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A Corporation (also known as a “C-Corporation”) is a separate legal entity that can shield the owners from personal liability and company debts. As a separate entity, it can buy real estate, enter into contracts, sue, and be sued completely separately from its owners.
Also, money can be raised easier via the sale of stock; its ownership can be transferred via the transfer of stock; the duration of the corporation is perpetual (the business can continue regardless of ownership); and the tax advantages can be considerable (i.e. you are able to deduct many business expenses, healthcare programs, etc. that other legal entities cannot). Income is reported completely separately via a tax return for the corporation.
After a corporation has been formed, it may elect “S-Corporation Status” by adopting an appropriate resolution and completing and submitting a form to the Internal Revenue Service (some states require their own version). Once this filing is complete, the corporation is taxed like a partnership or sole proprietorship rather than a corporation. Thus, the income is “passed-through” to the shareholders for purposes of computing tax returns.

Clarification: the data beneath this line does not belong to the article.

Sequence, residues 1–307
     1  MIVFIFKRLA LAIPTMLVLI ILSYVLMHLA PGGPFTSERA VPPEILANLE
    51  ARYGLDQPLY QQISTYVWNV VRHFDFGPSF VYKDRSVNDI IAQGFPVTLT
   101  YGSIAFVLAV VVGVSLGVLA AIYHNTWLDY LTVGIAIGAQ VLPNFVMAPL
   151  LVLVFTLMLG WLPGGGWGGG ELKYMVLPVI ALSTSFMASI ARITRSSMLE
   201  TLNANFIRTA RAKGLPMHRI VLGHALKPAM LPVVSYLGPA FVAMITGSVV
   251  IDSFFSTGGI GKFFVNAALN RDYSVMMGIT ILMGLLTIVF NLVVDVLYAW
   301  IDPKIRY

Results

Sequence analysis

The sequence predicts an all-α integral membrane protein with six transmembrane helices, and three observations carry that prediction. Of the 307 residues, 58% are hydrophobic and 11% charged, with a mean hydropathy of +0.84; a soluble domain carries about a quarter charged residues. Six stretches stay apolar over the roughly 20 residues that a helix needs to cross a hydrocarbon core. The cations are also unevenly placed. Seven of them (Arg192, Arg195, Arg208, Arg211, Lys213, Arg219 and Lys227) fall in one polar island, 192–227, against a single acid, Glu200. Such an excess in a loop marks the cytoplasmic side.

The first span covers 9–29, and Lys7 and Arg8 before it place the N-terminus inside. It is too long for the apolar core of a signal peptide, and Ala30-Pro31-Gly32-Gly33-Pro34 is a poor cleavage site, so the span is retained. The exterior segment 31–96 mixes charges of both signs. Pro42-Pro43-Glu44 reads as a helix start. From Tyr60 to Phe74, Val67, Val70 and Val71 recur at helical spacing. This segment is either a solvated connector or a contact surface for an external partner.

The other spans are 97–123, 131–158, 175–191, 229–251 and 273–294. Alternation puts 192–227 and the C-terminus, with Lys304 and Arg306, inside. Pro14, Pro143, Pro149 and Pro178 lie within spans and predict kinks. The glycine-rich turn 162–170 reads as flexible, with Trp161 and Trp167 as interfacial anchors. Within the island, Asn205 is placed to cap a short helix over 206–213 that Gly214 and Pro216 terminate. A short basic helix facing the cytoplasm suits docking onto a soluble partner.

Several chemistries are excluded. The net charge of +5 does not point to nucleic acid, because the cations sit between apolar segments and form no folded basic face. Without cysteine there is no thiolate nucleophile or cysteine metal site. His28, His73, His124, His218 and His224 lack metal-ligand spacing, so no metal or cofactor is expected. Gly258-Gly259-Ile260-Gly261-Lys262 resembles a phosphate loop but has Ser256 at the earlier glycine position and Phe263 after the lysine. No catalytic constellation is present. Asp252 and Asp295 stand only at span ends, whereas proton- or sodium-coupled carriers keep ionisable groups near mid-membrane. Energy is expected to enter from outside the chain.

Most new small corporations elect S-Corporation Status so profits and losses can be added to the shareholder's personal tax returns without having to pay taxes on profits once, then again when they are given back to the shareholders as income (dividends). This is known as “double taxation” and is the reason why S-Corporations were created. An S-Corporation can also revert back to regular Corporation status fairly easily.
Limited Liability Compay
A Limited Liability Company can be best described as a hybrid between a corporation and a partnership. It provides easy management and “pass-through” taxation (profits and losses are added to the owner(s) personal tax returns) like a Sole Proprietorship/Partnership, with the liability protection of a Corporation. It’s a relatively new form of business created in Wyoming in 1977 and now recognized in all 50 States and D.C.
Like a corporation, it is a separate legal entity; unlike a corporation, there is no stock and there are fewer formalities. The owners of an LLC are called “Members”, instead of “Shareholders” “Directors” and “Officers”. So in essence, it’s like a corporation, with less complicated taxation and stock formalities.